|Born: 22 September 1791, Newington Butts, England.
Died: 25 August 1867, Hampton Court, England
|Fields: Physics, Chemistry
Despite having almost no formal education, Michael Faraday was one of the most influential people in the history of science thanks to his contributions to the study of magnetism. He is the most well known for having formulated the concept of an electromagnetic field, laying the foundation for electric motor technology and essentially making electricity practical for use in technology. As a chemist, he invented the precursor to the Bunsen burner and is credited with the discovery of benzene, along with some other contributions that eventually made him the Fullerian Professor of Chemistry at the Royal Institution of Great Britain.
Faraday’s reputation as an experimentalist made him an inspiration to other scientists that came after him. Albert Einstein, for example, had a picture of Faraday hanging next to Isaac Newton and James Clerk Maxwell. Physicist Earnest Rutherford, the man who first split the atom, referred to Faraday as “ one of the greatest scientific discoverers of all time”.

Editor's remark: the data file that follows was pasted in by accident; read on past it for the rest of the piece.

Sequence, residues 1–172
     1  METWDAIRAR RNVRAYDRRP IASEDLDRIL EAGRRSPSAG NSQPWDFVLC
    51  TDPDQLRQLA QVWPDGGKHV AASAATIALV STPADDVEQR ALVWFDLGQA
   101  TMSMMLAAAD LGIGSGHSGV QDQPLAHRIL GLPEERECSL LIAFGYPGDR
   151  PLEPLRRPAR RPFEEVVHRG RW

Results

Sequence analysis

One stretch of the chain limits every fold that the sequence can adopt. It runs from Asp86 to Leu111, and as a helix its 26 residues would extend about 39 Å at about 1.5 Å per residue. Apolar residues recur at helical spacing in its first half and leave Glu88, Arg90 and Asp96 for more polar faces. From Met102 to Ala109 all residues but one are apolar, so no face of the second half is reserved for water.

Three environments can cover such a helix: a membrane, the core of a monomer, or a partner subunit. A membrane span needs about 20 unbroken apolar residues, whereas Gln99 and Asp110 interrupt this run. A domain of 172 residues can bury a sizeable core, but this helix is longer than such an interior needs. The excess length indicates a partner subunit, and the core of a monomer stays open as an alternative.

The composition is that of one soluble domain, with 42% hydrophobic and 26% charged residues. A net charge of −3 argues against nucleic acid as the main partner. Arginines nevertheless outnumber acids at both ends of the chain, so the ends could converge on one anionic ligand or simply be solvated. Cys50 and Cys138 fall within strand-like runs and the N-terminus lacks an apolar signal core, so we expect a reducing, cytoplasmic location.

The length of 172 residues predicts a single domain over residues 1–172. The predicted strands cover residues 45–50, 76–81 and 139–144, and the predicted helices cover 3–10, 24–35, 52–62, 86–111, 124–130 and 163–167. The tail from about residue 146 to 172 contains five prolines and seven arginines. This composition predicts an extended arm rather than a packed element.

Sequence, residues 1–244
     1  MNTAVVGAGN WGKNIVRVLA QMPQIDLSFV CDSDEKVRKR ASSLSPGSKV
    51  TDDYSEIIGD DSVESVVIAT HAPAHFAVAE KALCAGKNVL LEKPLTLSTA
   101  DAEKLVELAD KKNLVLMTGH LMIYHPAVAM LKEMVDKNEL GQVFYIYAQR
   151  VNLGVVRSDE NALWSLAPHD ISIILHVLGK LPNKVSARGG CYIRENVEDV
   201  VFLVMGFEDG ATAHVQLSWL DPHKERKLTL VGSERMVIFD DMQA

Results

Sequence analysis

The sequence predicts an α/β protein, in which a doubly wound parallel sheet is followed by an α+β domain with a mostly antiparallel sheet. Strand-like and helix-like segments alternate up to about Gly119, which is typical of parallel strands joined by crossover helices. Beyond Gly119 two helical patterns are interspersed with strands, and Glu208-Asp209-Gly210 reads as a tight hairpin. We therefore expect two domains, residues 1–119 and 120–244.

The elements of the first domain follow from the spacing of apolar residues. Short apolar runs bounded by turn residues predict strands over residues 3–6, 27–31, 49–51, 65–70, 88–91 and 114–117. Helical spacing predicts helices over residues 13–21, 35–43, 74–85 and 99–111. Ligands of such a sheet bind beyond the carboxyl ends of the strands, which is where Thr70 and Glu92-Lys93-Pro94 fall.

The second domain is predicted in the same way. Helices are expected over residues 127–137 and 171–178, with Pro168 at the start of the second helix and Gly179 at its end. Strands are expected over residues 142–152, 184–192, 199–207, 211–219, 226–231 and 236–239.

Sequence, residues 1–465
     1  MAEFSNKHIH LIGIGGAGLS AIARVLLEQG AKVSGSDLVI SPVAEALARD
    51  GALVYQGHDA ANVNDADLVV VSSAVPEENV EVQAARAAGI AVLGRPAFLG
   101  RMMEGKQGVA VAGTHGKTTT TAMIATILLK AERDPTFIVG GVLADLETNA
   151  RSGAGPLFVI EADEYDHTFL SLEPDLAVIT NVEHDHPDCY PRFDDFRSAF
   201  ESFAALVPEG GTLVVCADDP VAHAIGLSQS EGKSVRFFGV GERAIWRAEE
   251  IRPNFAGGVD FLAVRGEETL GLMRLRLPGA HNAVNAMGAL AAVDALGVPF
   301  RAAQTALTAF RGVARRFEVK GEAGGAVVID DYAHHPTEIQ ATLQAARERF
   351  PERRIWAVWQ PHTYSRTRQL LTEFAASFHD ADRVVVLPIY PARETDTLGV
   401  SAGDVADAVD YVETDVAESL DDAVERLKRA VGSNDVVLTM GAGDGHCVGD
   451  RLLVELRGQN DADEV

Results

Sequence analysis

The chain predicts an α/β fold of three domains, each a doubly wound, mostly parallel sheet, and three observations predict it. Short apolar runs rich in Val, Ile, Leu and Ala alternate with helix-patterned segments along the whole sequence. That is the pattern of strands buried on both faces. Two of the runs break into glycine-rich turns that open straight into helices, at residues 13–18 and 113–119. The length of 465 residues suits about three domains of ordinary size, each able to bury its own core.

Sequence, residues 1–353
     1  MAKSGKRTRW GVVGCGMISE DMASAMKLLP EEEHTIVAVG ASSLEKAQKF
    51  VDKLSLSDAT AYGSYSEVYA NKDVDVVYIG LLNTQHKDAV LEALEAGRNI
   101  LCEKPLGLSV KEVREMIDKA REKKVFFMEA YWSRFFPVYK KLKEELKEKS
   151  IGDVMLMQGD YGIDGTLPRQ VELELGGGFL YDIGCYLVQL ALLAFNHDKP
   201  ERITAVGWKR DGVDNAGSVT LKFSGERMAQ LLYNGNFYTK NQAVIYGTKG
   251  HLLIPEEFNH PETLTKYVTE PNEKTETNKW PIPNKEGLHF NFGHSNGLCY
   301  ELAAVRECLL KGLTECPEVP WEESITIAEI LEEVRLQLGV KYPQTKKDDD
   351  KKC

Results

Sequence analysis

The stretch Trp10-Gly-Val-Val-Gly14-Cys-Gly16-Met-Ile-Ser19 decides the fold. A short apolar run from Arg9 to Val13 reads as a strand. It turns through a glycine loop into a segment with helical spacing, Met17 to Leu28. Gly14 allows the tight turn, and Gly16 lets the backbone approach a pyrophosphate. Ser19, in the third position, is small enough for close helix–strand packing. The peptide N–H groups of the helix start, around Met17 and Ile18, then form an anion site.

Faraday is said to have seen faith as a vital part of his research and was an advocate of co-existence between science and religion. The Faraday Institute for Science and Religion was named in his honor with a mission to promote understanding within the two. He has been honored in many ways, especially in his native England, with numerous statues and educational facilities named after him. British 20 pound notes issued prior to 2001 had a portrait of Faraday and a visual of him giving a lecture on the back. Streets named after him are found in England, France, Germany and the United States.
Royal Medal (1835 & 1846)
Copley Medal (1832 & 1838)
Rumford Medal (1846)